Castro - When I get producers to talk to me about their stories I say, "Who is this aimed at?" They say "Everybody. The demographic is 18 to 103" and I have to say, 'No it ain't.' The point is that you don't know the story you are trying to tell and who it's aimed at.

Fogg - Why don't they know that?

Castro - I don't think people have actually thought about it.

Past Confidence

Posey - Very few people on the creative side have the exposure to the marketing and distribution so they don't know what choices have to be made when putting out a trailer or devising a poster or deciding where to place the ad. I was lucky in that I started in a company called Palace which went under for all sorts of reasons but it was then the biggest independent distributor and producer. You got to see the film from start to finish, so whether it succeeded or failed you learnt lessons throughout.

Thomas - A lot of people here won't remember Palace but it was putting story ideas up on screen that no-one else would touch, and it was getting critical and box office success with them. It was going against the grain and I think there's a lot to learn from that. Often what you consider to be a necessary assessment of demographics can be a blind. Sometimes a belief that this can play to anybody is the most powerful thing, the simple conviction that it is a great story well told and anybody can tune into that. What we must remember is that it is often easier to get a British film shown abroad, some are never even released here and part of the argument that may develop is the way that you are able to go against established wisdom.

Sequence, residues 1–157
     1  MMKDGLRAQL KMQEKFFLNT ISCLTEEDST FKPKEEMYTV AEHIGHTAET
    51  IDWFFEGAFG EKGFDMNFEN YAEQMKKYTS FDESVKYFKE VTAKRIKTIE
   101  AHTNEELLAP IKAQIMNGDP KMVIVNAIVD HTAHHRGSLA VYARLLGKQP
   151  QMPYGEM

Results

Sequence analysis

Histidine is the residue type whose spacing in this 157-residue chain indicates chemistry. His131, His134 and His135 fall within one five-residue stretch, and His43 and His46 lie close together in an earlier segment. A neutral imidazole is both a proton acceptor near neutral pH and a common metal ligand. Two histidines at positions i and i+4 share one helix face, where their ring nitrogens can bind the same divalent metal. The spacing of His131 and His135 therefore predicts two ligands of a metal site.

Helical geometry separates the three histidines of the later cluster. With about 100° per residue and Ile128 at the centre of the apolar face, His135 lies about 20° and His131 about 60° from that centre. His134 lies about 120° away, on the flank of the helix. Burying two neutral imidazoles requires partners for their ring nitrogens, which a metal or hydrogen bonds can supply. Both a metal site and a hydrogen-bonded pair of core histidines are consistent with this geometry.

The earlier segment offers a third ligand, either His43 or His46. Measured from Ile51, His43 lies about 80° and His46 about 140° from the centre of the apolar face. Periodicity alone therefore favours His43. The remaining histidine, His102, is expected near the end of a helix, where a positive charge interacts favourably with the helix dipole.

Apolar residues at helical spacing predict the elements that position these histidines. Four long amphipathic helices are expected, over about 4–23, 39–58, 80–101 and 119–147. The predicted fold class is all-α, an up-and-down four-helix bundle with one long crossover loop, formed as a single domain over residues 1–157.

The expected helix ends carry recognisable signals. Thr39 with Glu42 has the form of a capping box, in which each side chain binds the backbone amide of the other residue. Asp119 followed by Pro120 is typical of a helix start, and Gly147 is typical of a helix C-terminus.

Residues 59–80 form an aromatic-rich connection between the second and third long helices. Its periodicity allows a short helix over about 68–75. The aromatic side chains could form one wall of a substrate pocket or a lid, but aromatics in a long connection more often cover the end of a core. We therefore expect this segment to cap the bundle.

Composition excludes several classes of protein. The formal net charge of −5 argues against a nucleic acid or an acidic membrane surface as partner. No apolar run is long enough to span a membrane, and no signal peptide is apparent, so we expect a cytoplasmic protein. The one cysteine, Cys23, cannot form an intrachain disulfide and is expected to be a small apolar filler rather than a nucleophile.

Cox - Well that's a confidence you are speaking of that's missing and it's something that Palace had, the amazing confidence between '83 and '85 when they were rolling out films like Company of Wolves and Mona Lisa and Scandal. They weren't all great movies but they finished them and really followed through with the marketing. They put together merchandising and ad campaigns and you got the feeling that they were committed to finishing movies. That confidence rubs off on an audience and they can tell when a company has backed off from a movie. Palace seemed to be behind their movies all the way and you miss that. I evenn miss that scheduling for FilmFour, you miss the breadth of Palace because they would do any genre.

Thomas - It's called spread betting where now everything is on the nose.

Posey - One of their biggest disasters but which shows why it's worth being brave was Absolute Beginners. They lost a lot of money but somebody trying to make a movie set in '50's London out of a cult book is a great piece of bravery and it was good for Stephen Woolley that he had a company that would back the film the whole way.

US/UK Parallels

Audience - What do you think the Americans have to make British audiences go and see their films?

Cox - Marketing budgets

Posey - I'd say stars.

Audience - What about the French market?

Posey - Well they're making films in their own language for one thing.

Fogg - They've also put systems in place to encourage the French public to watch French cinema and even inhibit American cinema in France but it's taken years to reach a comfortable level.

Cox - They also had the CNC funding and they've had the confidence to keep their stars at home so they have this fantastically indigenous star system.